Η επανάσταση για την ανεξαρτησία ξεκίνησε το 1821 στο μοναστήρι της Αγίας Λαύρας (γνωστή και ως Αγία Λαύρα) στα Καλάβρυτα. Ο επίσκοπος Γερμανός της Πάτρας σήκωσε την ελληνική σημαία (η ίδια χρησιμοποιείται σήμερα, 2007), και ευλόγησε τους επαναστάτες. Αυτό ήταν κάποτε στα τέλη Μαρτίου – κάποιοι πιστεύουν ότι είναι 28 – αλλά η ημέρα συγχωνεύτηκε με τους μεγάλους εορτασμούς του Ευαγγελισμού στις 25. Αυτή η εξέγερση του πρώτου Μαρτίου του 1821 ηττήθηκε, αλλά η ανεξαρτησία επιτεύχθηκε τελικά το 1829 με τη Συνθήκη της Ανδριανούπολης, και αναγνωρίστηκε επίσημα από την Τουρκία στη Συνθήκη της Κωνσταντινούπολης, που υπογράφηκε τον Ιούλιο του 1832.

Η Ελληνική Ημέρα Ανεξαρτησίας συνήθως ανακηρύσσεται κάθε χρόνο στις Ηνωμένες Πολιτείες από τον Πρόεδρο της εποχής. Το 1940, 10.000 άτομα παρακολούθησαν την πρώτη παρέλαση της Ημέρας Ανεξαρτησίας στην Ελλάδα. ένα από αυτά πραγματοποιείται κάθε χρόνο από τότε.

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ABOUT HERITAGE DAY (24 SEPTEMBER 2021)

Heritage Day is one of South Africa’s newly created public holidays and its significance rests in recognizing aspects of South African culture which are both tangible and difficult to pin down: creative expression, our historical inheritance, language, the food we eat as well as the land in which we live.

Within a broader social and political context, the day’s events are a powerful agent for promulgating a South African identity, fostering reconciliation and promoting the notion that variety is a national asset as opposed to igniting conflict.

Heritage is defined as “that which we inherit: the sum total of wild life and scenic parks, sites of scientific or historical importance, national monuments, historic buildings, works of art, literature and music, oral traditions and museum collections together with their documentation.”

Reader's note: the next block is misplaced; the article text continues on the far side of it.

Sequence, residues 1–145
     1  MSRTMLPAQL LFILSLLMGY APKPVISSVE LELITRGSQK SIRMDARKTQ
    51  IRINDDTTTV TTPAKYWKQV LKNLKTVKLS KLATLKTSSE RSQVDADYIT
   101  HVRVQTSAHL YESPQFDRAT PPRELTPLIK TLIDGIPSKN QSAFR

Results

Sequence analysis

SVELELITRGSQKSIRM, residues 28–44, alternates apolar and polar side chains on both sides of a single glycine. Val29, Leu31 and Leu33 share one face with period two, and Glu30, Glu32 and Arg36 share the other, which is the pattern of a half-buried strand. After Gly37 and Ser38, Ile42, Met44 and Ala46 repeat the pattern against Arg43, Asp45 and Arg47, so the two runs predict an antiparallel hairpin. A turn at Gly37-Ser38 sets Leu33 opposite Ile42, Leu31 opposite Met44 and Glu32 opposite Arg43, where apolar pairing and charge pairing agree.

Government determines a theme for each year’s celebrations.

Getaways over public holidays and during nationwide events are in high demand, so accommodation often books up quickly for these periods, and often long in advance.

Heritage Day in South Africa - What does it Mean? | Crush Magazine
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Cyklistické dovolenky na Slovensku

S rozlohou necelých 50 000 km², ktorá je len o niečo väčšia ako Švajčiarsko alebo Holandsko, patrí Slovensko medzi menšie národy v Európe. Rovnako ako iné krajiny, aj Slovensko nedávno investovalo značné prostriedky do rozvoja infraštruktúry a za posledných desať rokov si okrem iného vytvorilo rozsiahlu sieť cyklotrás. To prospelo miestnej mobilite aj cestovnému ruchu. Pre cyklistov sa Slovensko javí ako vrchovina s kopcovitou scenériou. Mierne stúpania a klesania sú pomerne časté. Strmé úseky na trase sú však veľmi zriedkavé a sú rozhodne výnimkou a pravidlom. Výsledkom je, že krajina našťastie ponúka na dlhších úsekoch veľmi vyváženú kombináciu náboja a úľavy, ktorá nevyčerpá ani netrénovaných cyklistov. Predhorie Karpát sa rozprestiera pozdĺž väčšiny východnej časti a na západe sa rozprestiera Viedenská kotlina a Panónska nížina. Na tomto mieste nájdete aj hlavné mesto Bratislavu.

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Interesting facts about books …

Interestingly, the topic of Prissus papyrus is very relevant today. Since the end of the X century, woodcutting in China has become widespread. Then, for many months, scribes and bookbinders worked on the book. Their pages were 32x x32 centimeters in format and 2.5 centimeters thick – a real flat brick. The old text was washed off with milk or scraped off with a knife. Calf or sheep skin was soaked in a mortar, dried, stretched on a frame, smoothed out with pumice, and finally honey was rubbed into this skin. Parchment for one thick book had to slaughter a whole herd of calves. In Korea, China, Japan, this method was already used in VII! century AD. So many old, sometimes priceless books were ruined. There were dozens, and sometimes hundreds, of such pages in the book.

Continue reading Interesting facts about books …